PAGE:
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Scots distillery uses peas in world's first 'climate positive' gin

Thu, 20th Feb 2020 19:09

By Amber Milne

LONDON, Feb 20 (Thomson Reuters Foundation) - The world's
first 'climate positive' gin made from peas has been developed
by a Scottish distillery, which also makes vodka from wonky
potatoes to reduce food waste.

Arbikie Distillery said that its Nadar gin, meaning nature
in Gaelic, avoids more carbon dioxide emissions than it creates
because its peas do not need synthetic nitrogen fertilisers - a
source of carbon emissions - unlike wheat, barley or maize.

"We're continuously looking for ways to innovate and
reinforce our sustainability focus," Arbikie Distillery's
spokeswoman Rachel Thomson told the Thomson Reuters Foundation.

"For each decision we make, we try and consider the
environmental impact and how we can do things better."

The Scottish ginmaker, founded in 2014, is the latest in a
string of companies pledging to cut their greenhouse gas
emissions to combat climate change, like furniture company IKEA,
and tech giants Microsoft Corp and Amazon.com Inc.

Some trailblazing firms have pledged to become carbon
positive - cutting more emissions than they emit - to avoid the
most catastrophic scenarios of rising seas, uncontrollable
wildfires and erratic weather foreseen by climate scientists.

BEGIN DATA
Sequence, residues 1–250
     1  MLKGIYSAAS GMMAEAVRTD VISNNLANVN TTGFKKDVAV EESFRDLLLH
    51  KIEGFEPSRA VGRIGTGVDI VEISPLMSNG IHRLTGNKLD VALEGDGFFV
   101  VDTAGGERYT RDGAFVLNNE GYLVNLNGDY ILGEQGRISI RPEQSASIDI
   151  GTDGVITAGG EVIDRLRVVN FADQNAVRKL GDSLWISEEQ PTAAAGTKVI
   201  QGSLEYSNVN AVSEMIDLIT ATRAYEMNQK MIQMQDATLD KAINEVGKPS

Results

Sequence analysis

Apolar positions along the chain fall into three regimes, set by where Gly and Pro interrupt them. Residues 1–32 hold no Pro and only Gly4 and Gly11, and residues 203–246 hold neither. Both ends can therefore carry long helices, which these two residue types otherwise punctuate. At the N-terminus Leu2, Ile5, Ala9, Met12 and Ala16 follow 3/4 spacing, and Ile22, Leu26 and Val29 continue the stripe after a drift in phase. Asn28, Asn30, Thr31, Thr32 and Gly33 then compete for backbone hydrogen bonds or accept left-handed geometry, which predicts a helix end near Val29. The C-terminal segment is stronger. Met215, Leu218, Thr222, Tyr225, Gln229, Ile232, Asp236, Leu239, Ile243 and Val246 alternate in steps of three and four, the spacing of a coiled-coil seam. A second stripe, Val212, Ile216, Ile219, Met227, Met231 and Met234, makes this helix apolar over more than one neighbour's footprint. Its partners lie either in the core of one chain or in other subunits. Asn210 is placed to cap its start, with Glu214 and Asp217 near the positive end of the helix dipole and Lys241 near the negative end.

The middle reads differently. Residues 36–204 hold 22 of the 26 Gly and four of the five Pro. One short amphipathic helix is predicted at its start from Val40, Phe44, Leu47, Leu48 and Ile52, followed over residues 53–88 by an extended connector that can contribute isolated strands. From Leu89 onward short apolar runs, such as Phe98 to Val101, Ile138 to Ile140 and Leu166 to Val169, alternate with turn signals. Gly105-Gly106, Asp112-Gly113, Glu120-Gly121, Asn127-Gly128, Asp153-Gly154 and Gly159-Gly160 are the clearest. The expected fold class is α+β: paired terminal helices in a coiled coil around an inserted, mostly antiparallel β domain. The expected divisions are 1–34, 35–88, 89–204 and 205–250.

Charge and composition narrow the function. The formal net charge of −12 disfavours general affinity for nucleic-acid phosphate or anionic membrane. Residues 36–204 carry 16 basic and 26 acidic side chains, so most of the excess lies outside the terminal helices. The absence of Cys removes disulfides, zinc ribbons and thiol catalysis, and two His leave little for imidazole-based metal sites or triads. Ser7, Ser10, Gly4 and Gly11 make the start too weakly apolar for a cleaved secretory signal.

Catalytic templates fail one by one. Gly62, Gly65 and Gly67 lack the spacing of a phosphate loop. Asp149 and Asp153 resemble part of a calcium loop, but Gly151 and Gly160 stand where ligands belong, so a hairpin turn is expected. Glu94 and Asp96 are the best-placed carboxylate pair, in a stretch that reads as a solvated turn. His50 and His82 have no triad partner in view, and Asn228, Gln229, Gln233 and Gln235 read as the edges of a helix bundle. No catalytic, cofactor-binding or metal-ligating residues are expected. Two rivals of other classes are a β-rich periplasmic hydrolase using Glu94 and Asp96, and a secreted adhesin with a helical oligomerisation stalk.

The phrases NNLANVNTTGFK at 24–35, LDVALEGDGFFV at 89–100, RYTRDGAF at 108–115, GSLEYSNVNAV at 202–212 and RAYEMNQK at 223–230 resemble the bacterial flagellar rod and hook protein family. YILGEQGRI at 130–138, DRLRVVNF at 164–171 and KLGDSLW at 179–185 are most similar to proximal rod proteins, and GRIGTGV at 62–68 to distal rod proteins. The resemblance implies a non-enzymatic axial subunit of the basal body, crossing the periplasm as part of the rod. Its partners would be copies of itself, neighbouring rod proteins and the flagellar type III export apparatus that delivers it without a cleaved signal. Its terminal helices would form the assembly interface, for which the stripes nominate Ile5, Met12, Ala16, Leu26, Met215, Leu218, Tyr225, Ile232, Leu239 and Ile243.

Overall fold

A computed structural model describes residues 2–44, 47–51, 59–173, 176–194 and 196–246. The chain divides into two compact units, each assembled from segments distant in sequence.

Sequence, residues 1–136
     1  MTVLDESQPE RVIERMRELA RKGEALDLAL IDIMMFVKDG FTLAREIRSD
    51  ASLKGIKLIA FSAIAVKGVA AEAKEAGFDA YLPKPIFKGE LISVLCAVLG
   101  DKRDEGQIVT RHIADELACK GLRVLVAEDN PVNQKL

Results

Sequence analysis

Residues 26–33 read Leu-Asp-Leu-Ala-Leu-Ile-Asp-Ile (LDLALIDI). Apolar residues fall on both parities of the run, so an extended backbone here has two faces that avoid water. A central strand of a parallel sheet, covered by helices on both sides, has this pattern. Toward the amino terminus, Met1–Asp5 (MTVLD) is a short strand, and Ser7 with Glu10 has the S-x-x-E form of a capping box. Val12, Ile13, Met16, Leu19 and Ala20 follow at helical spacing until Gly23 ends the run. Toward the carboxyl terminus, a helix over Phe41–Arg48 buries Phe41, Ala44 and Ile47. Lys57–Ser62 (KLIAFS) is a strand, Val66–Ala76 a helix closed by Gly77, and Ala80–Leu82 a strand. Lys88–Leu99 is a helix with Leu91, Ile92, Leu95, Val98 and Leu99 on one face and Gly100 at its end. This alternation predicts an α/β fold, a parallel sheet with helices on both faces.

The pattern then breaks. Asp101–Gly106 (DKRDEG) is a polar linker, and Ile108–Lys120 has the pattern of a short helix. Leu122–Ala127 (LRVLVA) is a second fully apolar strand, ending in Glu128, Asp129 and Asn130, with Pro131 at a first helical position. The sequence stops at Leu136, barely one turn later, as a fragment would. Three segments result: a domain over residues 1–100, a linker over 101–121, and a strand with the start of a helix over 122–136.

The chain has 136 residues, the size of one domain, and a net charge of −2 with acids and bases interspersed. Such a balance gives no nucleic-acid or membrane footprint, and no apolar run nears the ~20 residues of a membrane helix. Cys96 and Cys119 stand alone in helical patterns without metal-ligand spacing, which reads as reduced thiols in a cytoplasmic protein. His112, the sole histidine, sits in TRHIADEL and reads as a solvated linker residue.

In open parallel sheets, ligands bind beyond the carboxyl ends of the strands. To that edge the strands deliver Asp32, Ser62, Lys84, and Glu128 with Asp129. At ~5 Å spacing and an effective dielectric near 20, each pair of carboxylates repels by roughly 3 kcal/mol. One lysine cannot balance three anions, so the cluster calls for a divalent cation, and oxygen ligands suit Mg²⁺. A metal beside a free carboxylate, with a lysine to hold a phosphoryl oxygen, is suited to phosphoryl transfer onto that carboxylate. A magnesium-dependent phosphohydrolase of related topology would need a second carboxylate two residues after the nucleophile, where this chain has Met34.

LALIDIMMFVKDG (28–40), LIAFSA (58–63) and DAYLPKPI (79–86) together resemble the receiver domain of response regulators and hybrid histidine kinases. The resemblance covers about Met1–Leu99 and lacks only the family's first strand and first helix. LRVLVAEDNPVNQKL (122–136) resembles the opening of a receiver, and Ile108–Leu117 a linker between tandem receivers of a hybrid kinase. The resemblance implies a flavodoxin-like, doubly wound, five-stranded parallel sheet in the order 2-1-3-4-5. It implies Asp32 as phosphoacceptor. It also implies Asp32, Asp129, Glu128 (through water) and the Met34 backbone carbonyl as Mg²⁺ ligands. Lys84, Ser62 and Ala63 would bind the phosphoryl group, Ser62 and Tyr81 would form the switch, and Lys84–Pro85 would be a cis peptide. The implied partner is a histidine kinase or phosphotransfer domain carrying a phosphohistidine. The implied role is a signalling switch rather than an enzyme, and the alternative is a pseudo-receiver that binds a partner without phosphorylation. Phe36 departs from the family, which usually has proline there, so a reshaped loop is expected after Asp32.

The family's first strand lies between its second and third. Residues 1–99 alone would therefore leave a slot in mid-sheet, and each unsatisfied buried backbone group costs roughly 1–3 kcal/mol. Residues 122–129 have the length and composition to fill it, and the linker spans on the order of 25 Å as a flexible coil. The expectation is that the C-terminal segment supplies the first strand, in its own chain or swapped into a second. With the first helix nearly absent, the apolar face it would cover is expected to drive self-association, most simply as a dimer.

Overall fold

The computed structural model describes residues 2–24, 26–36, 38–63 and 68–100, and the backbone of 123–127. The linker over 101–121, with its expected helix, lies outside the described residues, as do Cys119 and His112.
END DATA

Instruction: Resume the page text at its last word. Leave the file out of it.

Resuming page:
Arbikie Distillery's director, John Stirling, said
sustainability was "vital" to the business, which sees climate
change and biodiversity loss as "the biggest challenge humankind
has ever faced".

The firm's Tattie Bogle vodka - named after the Scots name
for scarecrows that deter birds from eating potato crops - uses
misshapen vegetables, which cannot be sold by large retailers,
to reduce food waste.

"Our Nadar gin goes one step further and looks to make a
positive, instead of neutral impact, in terms of long-term
sustainability", Stirling said. "It also tastes fantastic."
(Reporting by Amber Milne; Editing by Katy Migiro. Please
credit Thomson Reuters Foundation, the charitable arm of Thomson
Reuters, that covers humanitarian news, women’s and LGBT+
rights, human trafficking, property rights, and climate change.
Visit www.trust.org)

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